SBI – Department of Systems Biology and Bioinformatics
Faculty of Computer Science and Electrical Engineering
University of Rostock
Ulmenstrasse 69 | 18057 Rostock
+49 381 498-7571
Currently I am handling two different projects from diverse domains of research in SBI Rostock.
1) Research on Imbalanced datasets: In real world scenarios, datasets are often imbalanced. That is, the datasets meant for supervised learning, divides into classes, where in some classes there are a very large number of instancess, compared to the others. Training machine learning algorithms on such data is challenging. We have developed an algorithm that overcomes problems of widely used algorithms. We developed an approach that overcomes this limitation of SMOTE and its extensions, employing Localized Random Affine Shadowsampling (LoRAS) to oversample from an approximated data manifold of the minority class. We benchmarked our LoRAS algorithm with 28 publicly available datasets and can show the improved approximation of the data manifold for a given class in those datasets. In addition, we have constructed a mathematical framework to prove that LoRAS is a more effective oversampling technique since it provides a better estimate to mean of the underlying local data distribution of the minority class data space. We compared the performance of LoRAS, SMOTE, and several SMOTE extensions and observed that for imbalanced datasets LoRAS, on average generates better predictive Machine Learning (ML) models in terms of F1-score and Balanced Accuracy. I am exploring several domains where LoRAS can be applied. Also, I am exploring options to further enhance the performance of LoRAS, with a goal to learn efficiently from "small datasets". My general interest also spans the fields of Machine learning, Deep learning and Artificial Intelligence.
2) I am also working on understanding the molecular master switches which lead to rewiring of gene regulatory networks in common inflammatory bowel diseases and neuropsychiatric diseases, such as schizophrenia. The concept of the Gut-Brain axis has been one of the most explored fields in Medical research since the inception of this Millennium. The project aims at initiating a new strategic alliance between two e:Med centres (Bonn, Kiel) and one de.NBI node (Rostock). We hypothesize that a systems-guided redefinition of gut-brain cross-disease manifestation helps to recognize and understand the immunological and neurological network perturbations of the GBA in order to identify concrete targets for therapeutic reprogramming of gene expression based on RNA-guided inactive Cas9 (CRISPR/Cas9) thus restoring normal gene expression programs in disease affected cells. Our systems medicine approach takes several layers of potential deregulation (DNA, mRNA, non-coding RNAs, TFs and proteins) into account and aims to create a multi-dimensional model. The novel findings are expected to extend the results of successful GWAS studies and to build the basis for functional gut–brain axis (GBA) experiments.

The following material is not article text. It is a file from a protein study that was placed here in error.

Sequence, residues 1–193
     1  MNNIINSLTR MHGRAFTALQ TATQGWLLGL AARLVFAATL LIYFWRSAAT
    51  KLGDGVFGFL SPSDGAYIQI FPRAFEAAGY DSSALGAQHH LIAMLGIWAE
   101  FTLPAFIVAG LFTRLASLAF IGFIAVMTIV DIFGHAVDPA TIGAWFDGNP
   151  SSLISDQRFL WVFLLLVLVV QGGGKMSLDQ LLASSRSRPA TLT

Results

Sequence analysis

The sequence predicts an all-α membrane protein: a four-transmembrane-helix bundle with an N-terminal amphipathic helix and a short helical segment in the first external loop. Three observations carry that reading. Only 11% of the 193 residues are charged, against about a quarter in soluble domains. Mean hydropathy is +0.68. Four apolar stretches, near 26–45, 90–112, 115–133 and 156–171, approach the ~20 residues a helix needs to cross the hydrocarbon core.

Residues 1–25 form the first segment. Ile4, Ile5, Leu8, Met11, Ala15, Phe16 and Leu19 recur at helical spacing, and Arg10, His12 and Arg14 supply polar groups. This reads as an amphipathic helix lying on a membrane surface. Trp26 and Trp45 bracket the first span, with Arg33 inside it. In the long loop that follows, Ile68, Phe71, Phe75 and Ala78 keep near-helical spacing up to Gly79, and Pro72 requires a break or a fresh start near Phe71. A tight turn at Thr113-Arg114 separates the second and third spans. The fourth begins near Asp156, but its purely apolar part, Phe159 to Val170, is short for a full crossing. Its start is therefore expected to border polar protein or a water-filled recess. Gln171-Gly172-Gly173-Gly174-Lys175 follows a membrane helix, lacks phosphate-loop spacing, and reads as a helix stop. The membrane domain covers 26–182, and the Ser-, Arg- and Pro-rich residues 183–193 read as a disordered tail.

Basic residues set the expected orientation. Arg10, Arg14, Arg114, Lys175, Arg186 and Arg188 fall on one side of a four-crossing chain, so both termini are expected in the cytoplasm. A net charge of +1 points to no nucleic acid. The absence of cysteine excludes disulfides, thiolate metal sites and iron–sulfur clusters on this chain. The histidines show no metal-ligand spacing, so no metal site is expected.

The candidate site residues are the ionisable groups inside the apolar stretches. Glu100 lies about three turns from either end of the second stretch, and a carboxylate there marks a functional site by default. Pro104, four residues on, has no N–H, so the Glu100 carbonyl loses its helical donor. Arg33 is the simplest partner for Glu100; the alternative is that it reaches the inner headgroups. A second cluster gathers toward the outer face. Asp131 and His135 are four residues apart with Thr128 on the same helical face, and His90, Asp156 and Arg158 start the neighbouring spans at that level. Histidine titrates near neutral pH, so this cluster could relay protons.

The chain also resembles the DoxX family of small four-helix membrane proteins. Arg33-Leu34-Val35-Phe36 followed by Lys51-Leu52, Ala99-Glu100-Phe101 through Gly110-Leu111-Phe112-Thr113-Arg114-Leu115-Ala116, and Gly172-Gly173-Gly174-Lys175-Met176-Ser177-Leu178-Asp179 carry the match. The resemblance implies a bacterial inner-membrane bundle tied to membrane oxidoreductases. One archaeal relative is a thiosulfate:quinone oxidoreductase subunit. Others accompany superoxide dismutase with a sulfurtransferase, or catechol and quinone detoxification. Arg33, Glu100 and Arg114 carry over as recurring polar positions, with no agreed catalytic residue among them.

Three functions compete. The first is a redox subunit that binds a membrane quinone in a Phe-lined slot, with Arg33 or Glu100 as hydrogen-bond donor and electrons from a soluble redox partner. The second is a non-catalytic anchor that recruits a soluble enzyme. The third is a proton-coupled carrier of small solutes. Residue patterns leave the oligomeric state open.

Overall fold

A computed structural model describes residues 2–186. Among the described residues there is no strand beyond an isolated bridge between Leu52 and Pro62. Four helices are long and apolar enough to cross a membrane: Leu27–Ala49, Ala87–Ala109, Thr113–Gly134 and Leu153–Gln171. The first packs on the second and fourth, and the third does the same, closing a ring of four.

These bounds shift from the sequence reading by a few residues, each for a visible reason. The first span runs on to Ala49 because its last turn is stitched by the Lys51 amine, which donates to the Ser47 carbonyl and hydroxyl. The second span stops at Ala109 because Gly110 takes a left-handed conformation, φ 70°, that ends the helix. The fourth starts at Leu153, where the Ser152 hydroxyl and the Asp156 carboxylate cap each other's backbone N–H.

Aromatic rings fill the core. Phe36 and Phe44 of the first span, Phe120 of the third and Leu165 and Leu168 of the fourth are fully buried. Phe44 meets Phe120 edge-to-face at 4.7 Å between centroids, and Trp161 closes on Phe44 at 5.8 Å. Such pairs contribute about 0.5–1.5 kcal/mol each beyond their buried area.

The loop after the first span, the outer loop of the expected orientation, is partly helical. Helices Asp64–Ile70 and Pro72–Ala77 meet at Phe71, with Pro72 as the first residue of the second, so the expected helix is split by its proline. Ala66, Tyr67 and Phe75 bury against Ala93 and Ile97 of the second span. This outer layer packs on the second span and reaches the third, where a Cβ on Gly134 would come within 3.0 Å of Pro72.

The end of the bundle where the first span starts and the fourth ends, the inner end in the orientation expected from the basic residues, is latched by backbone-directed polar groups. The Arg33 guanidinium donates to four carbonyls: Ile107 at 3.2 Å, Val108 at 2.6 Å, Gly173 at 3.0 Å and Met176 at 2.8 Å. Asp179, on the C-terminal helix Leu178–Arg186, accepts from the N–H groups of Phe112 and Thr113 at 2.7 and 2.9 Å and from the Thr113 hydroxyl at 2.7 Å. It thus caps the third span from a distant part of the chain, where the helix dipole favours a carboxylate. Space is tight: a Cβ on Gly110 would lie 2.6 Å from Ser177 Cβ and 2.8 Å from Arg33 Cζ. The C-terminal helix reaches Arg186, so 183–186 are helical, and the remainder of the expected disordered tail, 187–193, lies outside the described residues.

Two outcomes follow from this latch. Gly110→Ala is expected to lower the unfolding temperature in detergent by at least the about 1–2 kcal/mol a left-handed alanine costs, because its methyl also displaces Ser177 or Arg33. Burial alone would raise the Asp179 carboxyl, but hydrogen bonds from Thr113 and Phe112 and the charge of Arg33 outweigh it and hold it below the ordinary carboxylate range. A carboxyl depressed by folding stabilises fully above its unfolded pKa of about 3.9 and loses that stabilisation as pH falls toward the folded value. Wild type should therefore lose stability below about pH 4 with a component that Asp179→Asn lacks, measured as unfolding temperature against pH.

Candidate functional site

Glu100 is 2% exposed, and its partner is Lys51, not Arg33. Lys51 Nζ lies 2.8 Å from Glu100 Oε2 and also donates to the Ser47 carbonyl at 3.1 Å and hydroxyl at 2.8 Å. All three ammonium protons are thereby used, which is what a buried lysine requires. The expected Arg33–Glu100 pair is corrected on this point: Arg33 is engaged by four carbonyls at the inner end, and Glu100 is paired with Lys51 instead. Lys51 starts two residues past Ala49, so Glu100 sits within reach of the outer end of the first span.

In real world scenarios, datasets are often imbalanced. That is, the datasets meant for supervised learning, divides into classes, where in some classes there are a very large number of instancess, compared to the others. Training machine learning algorithms on such data is challenging. We have developed an algorithm that overcomes problems of widely used algorithms.
~ In biology, the exception is the rule. ~
~ With our work, we are not really interested in the unique, but in what is general in the unique.~
With this project, we want to address a biological and a methodological challenge. First, we wish to clarify how the functioning of cells, and the functioning of a tissue relate to each other. Do cells exercise a degree of autonomy, or is their behavior completely determined by the functioning of the tissue? Such questions are important in understanding the emergence and progression of diseases. For example, it remains unclear whether the causative origin of colon cancer is a cell, or a consequence of tissue organization.
Investigating the gut-brain-axis
The gut–brain axis (GBA) provides a bidirectional homeostatic communication between the gastrointestinal tract and the central nervous system. The interdisciplinary collaboration is going to fully explore a first comprehensive GBA cross-disease map of genetic, expression and regulatory changes associated with ulcerative colitis and schizophrenia disease entities.
|2018-present||Research Assistant and PhD student, SBI, Universität Rostock Rostock|
|2016-2017||Research assistant, Universität Paderborn|
|2009-2014||Integrated BS-MS degree (major in Mathematics and specialization in Graph Theory), Indian Institute of Science Eduaction and Research, Kolkata
Protein-coding variants contribute to the risk of atopic dermatitis and skin-specific gene expression
Mucha S, ... Bej S, ..., Wolfien M, ..., Wolkenhauer O, ..., Ellinghaus D
The Journal of Allergy and Clinical Immunology
On extension of regular graphs
Banerjee A, Bej S
Coloring sums of extensions of certain graphs
Kok J, Bej S
Factors of edge-chromatic critical graphs: a brief survey and some equivalences
Bej S, Steffen E
- Graph and Network Theory
- Boolean modelling
- Machine learning
- Deep Learning
- RNA seq data analysis